Ok, this now leads on to blog post 3. Yet to be written 🙂

Good night everyone x

The unexpected welcome post

Well this really is going to be fun… a blog full of the randomness of my mind; the stuff you shouldn’t say out loud. It won’t all be like that though. I’m just going to talk randomly about whatever pops into my head, so if I’m honest the topic could be absolutely anything.

For those who know me, you’ll know I’ve done a lot of work around mental health and self-harm in particular. Next month it’ll be 9 years exactly that I first came into contact with mental health health services. As it so happens, next month will also be the first time in 9 years that I’ve ever been discharged and completely out of secondary mental health services.

In 2013 my CPN (community psychiatric nurse) went on maternity leave. The team gave me my options: to try a 12 month programme specifically for people with a diagnosis of Borderline Personality Disorder, or be discharged from services. At that time I was absolutely distraught just to hear the dreaded “D” word. How could they even consider discharging me when I felt so low?

Living with a personality disorder is a very scary, lonely and confusing thing. Having first been diagnosed years ago, I refused to believe that my diagnosis was correct. However, if it meant I had to do group work and 1-2-1 work every week rather than being discharged, I would. At that moment I would have agreed to anything to avoid discharge because I was so terrified of not having that support to fall back on. Now as I see it, I was afraid of being abandoned and rejected. I was afraid that people would no longer care about me. My needs were somehow being met by the professionals who worked with me, and for as long as I had a professional to work with, I felt somebody cared. I felt I always had at least 1 person to turn to in times of crisis.

Anyhow, I agreed to do this 12 month programme that the team were piloting. It took about 12 months for them to set it all up and prepare people for the group work. During this time I had regular 1-2-1 sessions with a new CPN. She, and others in the team had been trained in Structured Clinical Management (SCM) which is what the 12 month programme was based around. I was dreading doing the group work, but the group was only small and we all got on. I have 2 group sessions left and I will have completed it.

I have to say, at the beginning I was only going along with it to stop them discharging me. I am so glad I did agree to it. Every week we’d discuss different things, learn new skills and then be given optional homework to practice what we’d learned. I gave things a try, I liked the theory of things and remember saying “in theory it sounds brill, but doing it is a completely different thing”. I started with little things, practicing talking more openly with loved ones, being honest with people about how their behaviour sometimes affected me, and moved on to start being more assertive. First I started saying no to things I really didn’t want to do. I was riddled with guilt every time I did it, but I had to tolerate it. I had to mentally remind myself that I had the right to refuse to do something I didn’t want to do, that if other people were unhappy with it that was their problem, not mine. And to my surprise, it became apparent quite quickly that this shit was working. People seemed to stop relying so heavily on me for things and stopped assuming that I would agree to do something they asked of me. Behaving in this way eventually led me to start believing that I was as worthy as anyone else of asserting myself and my own needs. The skills they taught us in group helped me to assert myself in a way that wasn’t offensive to others. I learned to be honest with people. I learned to sit people down and tell them if something they had said/done had upset me. That way, I stopped bottling every little annoyance up, and my overwhelming feelings slowly started to reduce. I became more aware of my emotions; how to name what I was feeling and what to do to change it if I needed to, or how to tolerate certain feelings until they passed.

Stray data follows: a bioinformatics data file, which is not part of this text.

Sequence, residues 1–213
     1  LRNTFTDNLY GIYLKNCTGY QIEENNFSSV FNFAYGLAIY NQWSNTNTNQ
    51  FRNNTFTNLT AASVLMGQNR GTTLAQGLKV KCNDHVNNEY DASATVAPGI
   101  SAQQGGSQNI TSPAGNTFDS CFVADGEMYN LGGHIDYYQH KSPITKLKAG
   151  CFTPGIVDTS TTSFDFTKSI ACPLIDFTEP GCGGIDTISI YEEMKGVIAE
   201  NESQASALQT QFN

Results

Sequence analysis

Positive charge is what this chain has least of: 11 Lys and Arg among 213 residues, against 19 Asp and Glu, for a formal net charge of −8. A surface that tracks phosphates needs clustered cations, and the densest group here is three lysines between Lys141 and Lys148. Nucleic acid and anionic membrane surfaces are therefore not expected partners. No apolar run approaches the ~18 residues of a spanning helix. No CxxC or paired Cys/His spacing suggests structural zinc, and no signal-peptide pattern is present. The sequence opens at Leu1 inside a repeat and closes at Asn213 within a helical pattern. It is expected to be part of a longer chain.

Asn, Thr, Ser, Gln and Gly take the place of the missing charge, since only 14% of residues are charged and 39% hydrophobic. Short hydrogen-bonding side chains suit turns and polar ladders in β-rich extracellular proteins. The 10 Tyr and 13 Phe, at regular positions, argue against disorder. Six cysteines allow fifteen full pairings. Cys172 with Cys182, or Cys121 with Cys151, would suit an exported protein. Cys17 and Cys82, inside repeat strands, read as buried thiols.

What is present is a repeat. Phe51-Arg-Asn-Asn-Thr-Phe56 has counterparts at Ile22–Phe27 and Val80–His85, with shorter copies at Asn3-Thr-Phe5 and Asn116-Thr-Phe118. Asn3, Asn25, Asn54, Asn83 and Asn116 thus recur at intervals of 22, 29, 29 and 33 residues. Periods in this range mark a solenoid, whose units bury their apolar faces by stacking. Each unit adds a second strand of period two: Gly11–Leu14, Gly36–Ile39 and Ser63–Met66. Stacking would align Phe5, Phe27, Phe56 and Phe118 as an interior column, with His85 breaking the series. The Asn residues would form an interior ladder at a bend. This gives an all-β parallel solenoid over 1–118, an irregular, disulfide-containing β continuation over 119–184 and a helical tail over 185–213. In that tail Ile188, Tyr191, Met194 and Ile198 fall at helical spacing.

I feel a little like I’m waffling. I didn’t want my first post to be so long and babbly but you know me, I get on one and can’t stop myself.

I’ll carry on with this in my second entry. So, if you wanna know what’s so different for me now, how I’ve managed with my self-harm and how I feel about the looming discharge then keep checking back for post 2!